Non-medicated kids exempt from school discipline?

We live in a suburb of Chicago, Illinois. We got a mailing the other day from our grade school district discussing their last meeting. The following announcement caught my eye:


New regulations require school districts to adopt a policy stating that students whose doctors prescribe psychotropic/psychostimulant medications will not be subject to disciplinary measures due to their parents’ refusal to authorize the medications. These medications are typically prescribed for ADD and ADHD, conditions which can affect behavior in school.


This policy was required by law; it in no way changes existing [district] practice. [District] discipline has always been based on the best interest of the students.

I’m going to try to find out exactly what this means, and what law requires it. But as I read this “policy,” if a kid has a diagnosable behavior problem for which drugs have been prescribed, and the kid’s parents refuse to have the kid take the meds, if the kid subsequently misbehaves in school, he is not subject to discipline?


Am I misreading this, or simply missing the compelling interest behind such a policy? Does this interest override the interest of the other kids - those without diagnosed problems as well as those who follow prescribed treatment - from pursuing an education?

The paragraph doesn’t even make sense. It’s vague to the point of being meaningless. How are they supposed to teach kids how to write if that’s the best they can do? How sad.

Yeah, it sounds like the school is giving up, this reeks of layers of back and forth between parents and schools about discipline policy.
If anything, the kid should be subject to more frequent and lower intensity disciplinary measures. They don’t need less structure, they need more.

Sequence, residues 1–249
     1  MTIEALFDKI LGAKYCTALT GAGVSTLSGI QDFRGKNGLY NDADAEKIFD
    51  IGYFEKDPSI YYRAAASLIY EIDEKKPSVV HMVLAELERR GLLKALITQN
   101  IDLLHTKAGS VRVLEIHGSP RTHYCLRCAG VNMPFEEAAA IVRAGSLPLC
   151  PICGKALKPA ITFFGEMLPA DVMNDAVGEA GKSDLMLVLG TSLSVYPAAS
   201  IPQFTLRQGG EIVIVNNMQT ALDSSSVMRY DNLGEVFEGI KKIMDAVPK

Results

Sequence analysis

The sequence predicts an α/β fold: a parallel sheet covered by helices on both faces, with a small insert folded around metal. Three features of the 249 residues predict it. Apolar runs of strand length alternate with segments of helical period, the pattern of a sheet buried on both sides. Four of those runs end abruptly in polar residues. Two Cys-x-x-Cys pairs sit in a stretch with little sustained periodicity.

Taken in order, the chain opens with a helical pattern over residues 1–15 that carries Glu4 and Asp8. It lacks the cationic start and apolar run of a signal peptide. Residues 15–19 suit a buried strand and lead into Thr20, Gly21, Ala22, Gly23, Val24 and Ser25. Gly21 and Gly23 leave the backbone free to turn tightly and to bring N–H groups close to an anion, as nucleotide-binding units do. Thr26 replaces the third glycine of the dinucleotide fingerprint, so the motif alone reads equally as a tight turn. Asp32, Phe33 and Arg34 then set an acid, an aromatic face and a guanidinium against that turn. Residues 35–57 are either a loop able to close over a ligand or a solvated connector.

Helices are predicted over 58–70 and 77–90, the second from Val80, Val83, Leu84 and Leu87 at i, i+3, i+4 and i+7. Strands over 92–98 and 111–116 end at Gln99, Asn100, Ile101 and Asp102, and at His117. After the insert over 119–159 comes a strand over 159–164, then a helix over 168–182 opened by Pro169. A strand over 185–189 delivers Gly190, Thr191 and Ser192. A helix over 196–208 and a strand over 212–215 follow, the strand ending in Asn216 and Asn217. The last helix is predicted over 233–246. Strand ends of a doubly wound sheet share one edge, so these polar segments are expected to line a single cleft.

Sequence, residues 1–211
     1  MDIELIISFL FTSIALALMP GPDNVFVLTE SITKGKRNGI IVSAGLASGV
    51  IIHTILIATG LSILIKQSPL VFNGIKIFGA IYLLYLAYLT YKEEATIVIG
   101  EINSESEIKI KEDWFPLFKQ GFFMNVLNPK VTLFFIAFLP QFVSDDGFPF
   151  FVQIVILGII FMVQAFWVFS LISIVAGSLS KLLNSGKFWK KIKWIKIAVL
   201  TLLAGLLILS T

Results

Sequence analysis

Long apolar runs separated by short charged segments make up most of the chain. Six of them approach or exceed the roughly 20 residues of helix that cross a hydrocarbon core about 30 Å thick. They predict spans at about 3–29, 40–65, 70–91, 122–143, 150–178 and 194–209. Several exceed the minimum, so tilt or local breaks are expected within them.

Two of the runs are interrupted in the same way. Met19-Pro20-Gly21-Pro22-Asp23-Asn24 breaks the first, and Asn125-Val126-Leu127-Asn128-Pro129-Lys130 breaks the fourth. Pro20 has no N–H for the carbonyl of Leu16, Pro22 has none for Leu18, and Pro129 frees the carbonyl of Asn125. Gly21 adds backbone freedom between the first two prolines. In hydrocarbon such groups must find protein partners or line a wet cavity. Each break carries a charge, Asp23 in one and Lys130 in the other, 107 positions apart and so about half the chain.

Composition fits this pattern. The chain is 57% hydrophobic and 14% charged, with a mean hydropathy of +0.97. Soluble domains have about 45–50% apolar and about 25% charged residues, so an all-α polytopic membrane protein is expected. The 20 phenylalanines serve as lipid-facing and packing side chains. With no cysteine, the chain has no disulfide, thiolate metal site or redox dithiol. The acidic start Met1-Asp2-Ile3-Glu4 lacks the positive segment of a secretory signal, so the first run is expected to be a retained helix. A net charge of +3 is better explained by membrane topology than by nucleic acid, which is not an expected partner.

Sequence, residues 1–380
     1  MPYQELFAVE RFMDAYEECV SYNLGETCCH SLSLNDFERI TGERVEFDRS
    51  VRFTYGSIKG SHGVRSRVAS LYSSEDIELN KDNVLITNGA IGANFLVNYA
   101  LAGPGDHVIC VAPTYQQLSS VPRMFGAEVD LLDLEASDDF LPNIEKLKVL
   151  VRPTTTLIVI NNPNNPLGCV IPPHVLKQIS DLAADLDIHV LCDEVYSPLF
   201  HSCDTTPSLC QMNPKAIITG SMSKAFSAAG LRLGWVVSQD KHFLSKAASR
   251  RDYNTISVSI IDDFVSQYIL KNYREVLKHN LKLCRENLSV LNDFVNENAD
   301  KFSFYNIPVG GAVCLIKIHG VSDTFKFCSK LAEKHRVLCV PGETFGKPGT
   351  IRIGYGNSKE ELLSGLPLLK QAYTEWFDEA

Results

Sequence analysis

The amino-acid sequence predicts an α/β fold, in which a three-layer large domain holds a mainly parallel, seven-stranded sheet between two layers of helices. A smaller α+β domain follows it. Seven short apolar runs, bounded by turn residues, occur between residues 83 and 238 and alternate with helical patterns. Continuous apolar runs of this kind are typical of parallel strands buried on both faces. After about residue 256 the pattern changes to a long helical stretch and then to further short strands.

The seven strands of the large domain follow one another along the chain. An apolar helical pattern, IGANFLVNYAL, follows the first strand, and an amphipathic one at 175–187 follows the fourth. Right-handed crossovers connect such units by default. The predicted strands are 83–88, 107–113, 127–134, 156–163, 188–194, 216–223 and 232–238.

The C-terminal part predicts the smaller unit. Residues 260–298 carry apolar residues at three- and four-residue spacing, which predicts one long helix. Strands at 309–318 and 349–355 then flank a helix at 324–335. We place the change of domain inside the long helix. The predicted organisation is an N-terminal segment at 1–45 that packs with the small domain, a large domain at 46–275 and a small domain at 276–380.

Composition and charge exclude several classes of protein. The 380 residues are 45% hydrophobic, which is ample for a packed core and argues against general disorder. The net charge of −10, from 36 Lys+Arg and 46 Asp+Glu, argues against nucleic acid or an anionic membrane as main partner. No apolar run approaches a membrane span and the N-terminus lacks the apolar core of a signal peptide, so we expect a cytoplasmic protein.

What the school should be doing is reporting such cases to child services to have neglect investigated.

Could they be trying to say that children will not be punished for not taking the medication? And perhaps they are also trying to acknowlege that this choice (not taking the medication) is made by the parents, not the child.

Agree with Hazel here.

They are just saying they aren’t going to discipline the kids for not taking their medicine.

Some schools have gotten in trouble for pushing parents to medicate their children.

That’s all.

It’s vague on purpose, I bet: go back and reread it–it is basically saying “This is the law you may have heard about. Don’t worry, we aren’t going to change anything.”

Sounds to me like they are trying to coerce parents into medicating children who may not need it. Working as a preschool teacher I saw the school and even doctors trying to medicate children (mostly boys) for acting like children.

Er, re-reading it, it sounds like the opposite of what I just said…

From :

I think I see what they’re getting at, but can anyone explicitly punish a kid just because his parents won’t put him on Ritalin? The “in part” thrown in there seems like a good way to let particularly weaselly parents get their kids out of hot water: “Timmy wouldn’t be so rambunctious if he were on Ritalin, and we refuse to put him on that demon pill, so you can’t punish him. It’s the law.”

That is idiotic. People with ADHD need two things–medication and structure. Taking away one because you don’t have the other one is about the worst move I can think of.

Dr. J

How often is Ritalin taken? I can pretty easily see a school suspending a child (or at least trying to) until the parent provides the medication the child is supposed to take during the school day. And the “in part” doesn’t seem to me to be giving the kid a way out- if Timmy’s being punished for being rambunctious, he’s being punished for being rambunctious. But if Timmy and Tommy (who either hasn’t been prescribed Ritalin or is taking it) both have the same general conduct, but Timmy gets punished more severely for the same behavior, it starts to look like Timmy’s punishment is partly based on his behavior and partly on the lack of medication.

I think you’re right. Now that I’ve seen the wording of the law, I think they’re just saying “We have to comply with this law that is a load of bullshit, so here we go - we’re complying.”

As I said, I need to do some more looking into this. Thanks for the cite, Doc.

If nothing else, this highlights the difficult challenges the public schools are in, if they are required to try to provide an education to every child - however differently abled.